Department of History
[+39] 055 4686 879
Villa Salviati- Manica, SAMN249
Gender and Sexuality Project
Professor of History of Gender and SexualityDiversity and difference, exclusion and participation, these themes inform Benno Gammerl’s research. He engages with postcolonial and feminist theories, queer approaches, oral history methods and the history of emotions. And he puts the voices of those people centre stage who face discrimination and who strive for justice and recognition. Benno Gammerl joined the EUI in 2021, when the denomination of his chair was extended to include sexuality in addition to gender. Before he came to Florence, he helped to establish the Centre for Queer History at Goldsmiths, University of London. Prior to that, he worked at the Max Planck Institute for Human Development, Centre for the History of Emotions and at the Freie Universität in in Berlin. His PhD asked how ethnically diverse populations were governed in the Habsburg and the British Empire. His work looks at racism, heteronormativity and at individuals who aim for navigating diversity in an inclusive fashion.
Benno Gammerl has published in English, German and other languages on the history of emotions, on homosexualities in Germany and on citizenship, migration and ethnic diversity within the British and the Habsburg Empires. His theoretical and methodological contributions engage affect and queer theory, oral and comparative history. He currently works on a short introduction into the queer history of modern Germany which will come out in German with Hanser in 2022.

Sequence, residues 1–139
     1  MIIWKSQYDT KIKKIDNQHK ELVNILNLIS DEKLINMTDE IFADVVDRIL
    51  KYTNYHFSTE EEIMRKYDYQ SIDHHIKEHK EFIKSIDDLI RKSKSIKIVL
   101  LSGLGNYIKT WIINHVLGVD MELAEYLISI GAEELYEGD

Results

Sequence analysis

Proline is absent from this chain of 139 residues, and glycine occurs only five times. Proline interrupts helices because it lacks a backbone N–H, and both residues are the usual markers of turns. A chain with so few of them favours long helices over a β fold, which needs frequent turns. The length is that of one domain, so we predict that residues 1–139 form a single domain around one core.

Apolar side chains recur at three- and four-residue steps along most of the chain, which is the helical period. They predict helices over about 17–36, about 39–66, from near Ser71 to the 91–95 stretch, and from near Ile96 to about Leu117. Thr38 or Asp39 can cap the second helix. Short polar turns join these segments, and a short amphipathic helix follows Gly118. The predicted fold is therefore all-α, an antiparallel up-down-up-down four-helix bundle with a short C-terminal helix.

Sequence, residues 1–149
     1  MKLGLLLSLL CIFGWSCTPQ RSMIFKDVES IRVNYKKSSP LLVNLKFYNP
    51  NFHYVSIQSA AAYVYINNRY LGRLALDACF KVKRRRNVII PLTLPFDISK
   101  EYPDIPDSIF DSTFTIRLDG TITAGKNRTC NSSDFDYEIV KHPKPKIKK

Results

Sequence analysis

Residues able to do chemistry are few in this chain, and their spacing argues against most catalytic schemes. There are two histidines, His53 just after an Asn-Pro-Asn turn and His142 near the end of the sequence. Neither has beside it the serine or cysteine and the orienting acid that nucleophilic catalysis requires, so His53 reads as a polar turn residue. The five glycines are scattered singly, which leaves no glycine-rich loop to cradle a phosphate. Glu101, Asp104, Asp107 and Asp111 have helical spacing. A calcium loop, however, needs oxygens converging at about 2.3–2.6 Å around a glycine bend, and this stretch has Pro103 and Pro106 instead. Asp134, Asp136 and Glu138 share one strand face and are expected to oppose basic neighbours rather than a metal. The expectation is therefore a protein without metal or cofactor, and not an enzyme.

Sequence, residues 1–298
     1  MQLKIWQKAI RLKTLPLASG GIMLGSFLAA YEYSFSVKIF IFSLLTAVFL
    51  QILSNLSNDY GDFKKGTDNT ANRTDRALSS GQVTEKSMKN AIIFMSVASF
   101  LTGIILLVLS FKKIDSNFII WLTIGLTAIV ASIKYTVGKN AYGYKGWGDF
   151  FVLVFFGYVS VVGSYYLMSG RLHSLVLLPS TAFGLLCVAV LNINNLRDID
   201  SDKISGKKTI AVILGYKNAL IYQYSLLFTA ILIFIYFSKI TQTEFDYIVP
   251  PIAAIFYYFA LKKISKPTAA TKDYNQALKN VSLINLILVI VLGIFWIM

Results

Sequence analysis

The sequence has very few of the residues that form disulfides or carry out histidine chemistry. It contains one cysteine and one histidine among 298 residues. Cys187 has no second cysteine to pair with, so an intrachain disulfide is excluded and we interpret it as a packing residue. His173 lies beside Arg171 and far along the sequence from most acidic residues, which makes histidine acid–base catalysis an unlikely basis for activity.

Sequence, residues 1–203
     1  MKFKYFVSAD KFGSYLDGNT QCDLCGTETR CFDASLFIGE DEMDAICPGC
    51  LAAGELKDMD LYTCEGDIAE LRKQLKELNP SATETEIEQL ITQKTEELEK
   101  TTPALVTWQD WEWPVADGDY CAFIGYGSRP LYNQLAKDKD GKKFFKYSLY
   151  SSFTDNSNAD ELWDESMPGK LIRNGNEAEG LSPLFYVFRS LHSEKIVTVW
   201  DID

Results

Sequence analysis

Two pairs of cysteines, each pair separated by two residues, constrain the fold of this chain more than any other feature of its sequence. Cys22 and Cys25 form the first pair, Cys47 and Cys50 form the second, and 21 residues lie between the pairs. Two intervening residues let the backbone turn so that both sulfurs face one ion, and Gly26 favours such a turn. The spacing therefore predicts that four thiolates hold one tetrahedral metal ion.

Benno Gammerl’s most current project explores the interplay between migratory dynamics and attitudes towards sexual diversity in twentieth-century Europe. It analyses the sexual effects of globalizing dynamics between adaptation, diasporic diversification and hybridization. The main hypothesis motivating this research supposes that migration and cultural diversity can not only impede, but also facilitate struggles for gender equality and the acceptance of sexual diversity.
Looking at public debates as well as at diaries, letters and oral history interviews, the project ranges from the heterosexual realm to gay, lesbian, transgender and other milieus. Thereby it traces the open-endedness of intimate encounters between people with various backgrounds. Through interactions with partners who were raised in different sexual cultures individuals understand that sexual practices are not naturally given, but result from specific cultural and social conditions. How one organizes one’s sexual life is not only a personal, but also a political question.